There are almost forty species of dolphin. The bottlenose dolphin, one of the most well known, is usually around 2.5m long and weighs between 200 and 300kg. Its size varies according to habitat, but males are always considerably larger than females.
HOW ARE DOLPHINS CLASSIFIED?
Living things can be organised into different groups. Species that are alike are grouped together. This is called classification.
Species: Tursiops truncates (Common bottlenose)
Tursiops aduncus (Indo-Pacific bottlenose)
DOLPHINS ARE SPECIAL
Dolphins have sharp eyesight and a poor sense of smell. They use echolocation to explore their environment and search out prey when vision is limited. They are extremely intelligent animals.
Bottlenose dolphins inhabit warm and temperate seas worldwide
Map showing distribution of Bottlenose dolphin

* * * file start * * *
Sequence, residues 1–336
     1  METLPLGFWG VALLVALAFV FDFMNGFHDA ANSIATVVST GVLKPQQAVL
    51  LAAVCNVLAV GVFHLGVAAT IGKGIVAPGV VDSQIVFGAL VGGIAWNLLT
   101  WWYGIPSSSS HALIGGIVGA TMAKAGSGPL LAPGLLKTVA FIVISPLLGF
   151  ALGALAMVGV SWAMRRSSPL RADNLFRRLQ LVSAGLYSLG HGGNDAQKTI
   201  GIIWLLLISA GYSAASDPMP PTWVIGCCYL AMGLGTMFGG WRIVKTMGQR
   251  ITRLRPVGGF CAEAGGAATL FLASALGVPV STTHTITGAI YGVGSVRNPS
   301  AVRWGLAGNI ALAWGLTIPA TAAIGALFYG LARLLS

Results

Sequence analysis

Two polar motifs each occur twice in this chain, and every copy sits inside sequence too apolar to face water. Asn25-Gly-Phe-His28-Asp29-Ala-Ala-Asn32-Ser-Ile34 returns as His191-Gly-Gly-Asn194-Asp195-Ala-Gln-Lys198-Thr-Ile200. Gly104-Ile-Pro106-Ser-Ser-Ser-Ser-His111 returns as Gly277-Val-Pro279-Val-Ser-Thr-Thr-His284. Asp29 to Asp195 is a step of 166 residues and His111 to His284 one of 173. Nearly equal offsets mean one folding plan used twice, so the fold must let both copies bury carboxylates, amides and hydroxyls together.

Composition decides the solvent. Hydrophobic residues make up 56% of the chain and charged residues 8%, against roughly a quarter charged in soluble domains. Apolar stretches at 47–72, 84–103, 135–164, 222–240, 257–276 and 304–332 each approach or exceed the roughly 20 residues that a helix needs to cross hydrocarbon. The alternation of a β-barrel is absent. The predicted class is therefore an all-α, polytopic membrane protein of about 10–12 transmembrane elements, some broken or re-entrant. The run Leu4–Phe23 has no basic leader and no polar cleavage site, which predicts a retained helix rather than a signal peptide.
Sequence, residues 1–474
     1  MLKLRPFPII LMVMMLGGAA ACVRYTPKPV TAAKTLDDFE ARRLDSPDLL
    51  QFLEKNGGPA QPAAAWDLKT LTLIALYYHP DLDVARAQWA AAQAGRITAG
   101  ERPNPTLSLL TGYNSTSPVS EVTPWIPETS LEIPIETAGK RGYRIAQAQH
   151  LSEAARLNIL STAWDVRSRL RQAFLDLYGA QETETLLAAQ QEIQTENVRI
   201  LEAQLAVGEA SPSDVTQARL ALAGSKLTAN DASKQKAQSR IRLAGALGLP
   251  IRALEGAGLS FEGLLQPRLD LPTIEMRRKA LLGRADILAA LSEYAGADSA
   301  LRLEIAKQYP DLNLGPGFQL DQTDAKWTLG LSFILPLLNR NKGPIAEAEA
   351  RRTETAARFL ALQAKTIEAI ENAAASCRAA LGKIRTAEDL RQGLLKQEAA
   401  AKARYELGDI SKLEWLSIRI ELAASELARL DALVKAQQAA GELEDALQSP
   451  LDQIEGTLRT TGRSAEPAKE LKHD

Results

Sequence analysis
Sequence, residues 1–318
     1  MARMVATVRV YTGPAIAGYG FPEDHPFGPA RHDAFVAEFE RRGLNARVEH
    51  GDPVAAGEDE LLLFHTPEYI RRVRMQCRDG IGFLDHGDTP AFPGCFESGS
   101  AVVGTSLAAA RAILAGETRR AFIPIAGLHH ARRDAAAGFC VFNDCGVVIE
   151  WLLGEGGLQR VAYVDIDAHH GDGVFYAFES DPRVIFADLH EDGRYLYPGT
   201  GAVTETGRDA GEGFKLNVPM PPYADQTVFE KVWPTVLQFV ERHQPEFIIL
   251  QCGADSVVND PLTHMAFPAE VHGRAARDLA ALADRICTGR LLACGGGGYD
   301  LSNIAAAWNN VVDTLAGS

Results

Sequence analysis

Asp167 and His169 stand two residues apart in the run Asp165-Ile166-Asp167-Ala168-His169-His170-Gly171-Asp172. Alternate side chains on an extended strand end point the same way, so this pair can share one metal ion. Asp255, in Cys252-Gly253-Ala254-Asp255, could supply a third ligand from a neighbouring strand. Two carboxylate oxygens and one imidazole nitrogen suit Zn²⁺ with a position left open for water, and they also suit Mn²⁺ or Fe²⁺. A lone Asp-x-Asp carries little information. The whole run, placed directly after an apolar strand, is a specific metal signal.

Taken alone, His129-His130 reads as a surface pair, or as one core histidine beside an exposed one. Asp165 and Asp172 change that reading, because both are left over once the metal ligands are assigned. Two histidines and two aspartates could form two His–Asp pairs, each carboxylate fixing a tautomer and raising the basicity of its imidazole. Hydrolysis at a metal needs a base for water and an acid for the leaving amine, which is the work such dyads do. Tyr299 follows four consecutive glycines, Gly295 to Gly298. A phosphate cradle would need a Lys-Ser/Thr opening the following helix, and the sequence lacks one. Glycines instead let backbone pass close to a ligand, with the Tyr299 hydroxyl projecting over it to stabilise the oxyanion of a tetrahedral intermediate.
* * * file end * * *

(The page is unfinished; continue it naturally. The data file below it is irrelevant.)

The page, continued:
Bottlenose dolphins can swim up to 300m below the surface of the ocean, they are capable of bursts of speed of up to 30 mph, and can cover huge distances each day.
Their diet consists mainly of fish, and sometimes squid and crustaceans. Dolphins will often work as a team to harvest schools of fish.
Dolphins’ streamlined bodies and powerful tails help them to swim through the water with great speed agility. They are able to remain submerged for up to 20 minutes at a time.
Bottlenose dolphins communicate through pulsed sounds, whistles, clicks and body language. Examples of body language include leaping out of the water, slapping the tail on the surface, snapping jaws, and head butting.
Bottlenose dolphins usually live in pods of around 10–30 members, but group sizes larger than 1,000 have also been recorded. Adult males live mostly alone or in groups of two to three, and join pods for short periods of time.
Females mature between 5 and 13 years old. After a gestation period of 12 months, the female gives birth in shallow water. The calf suckles for around 18 months but will stay close to its mother for several years.